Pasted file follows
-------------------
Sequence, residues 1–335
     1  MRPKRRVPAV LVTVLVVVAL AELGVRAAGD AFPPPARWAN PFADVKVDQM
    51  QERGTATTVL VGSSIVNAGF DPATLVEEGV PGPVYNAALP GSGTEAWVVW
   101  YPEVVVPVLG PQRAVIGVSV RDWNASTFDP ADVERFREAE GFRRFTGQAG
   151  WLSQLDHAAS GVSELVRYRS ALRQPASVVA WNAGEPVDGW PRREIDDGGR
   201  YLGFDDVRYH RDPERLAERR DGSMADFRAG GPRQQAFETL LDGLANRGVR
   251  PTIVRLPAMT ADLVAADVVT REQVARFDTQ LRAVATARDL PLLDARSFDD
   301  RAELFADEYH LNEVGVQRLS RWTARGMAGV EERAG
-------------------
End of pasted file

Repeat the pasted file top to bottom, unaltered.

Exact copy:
Sequence, residues 1–335
     1  MRPKRRVPAV LVTVLVVVAL AELGVRAAGD AFPPPARWAN PFADVKVDQM
    51  QERGTATTVL VGSSIVNAGF DPATLVEEGV PGPVYNAALP GSGTEAWVVW
   101  YPEVVVPVLG PQRAVIGVSV RDWNASTFDP ADVERFREAE GFRRFTGQAG
   151  WLSQLDHAAS GVSELVRYRS ALRQPASVVA WNAGEPVDGW PRREIDDGGR
   201  YLGFDDVRYH RDPERLAERR DGSMADFRAG GPRQQAFETL LDGLANRGVR
   251  PTIVRLPAMT ADLVAADVVT REQVARFDTQ LRAVATARDL PLLDARSFDD
   301  RAELFADEYH LNEVGVQRLS RWTARGMAGV EERAG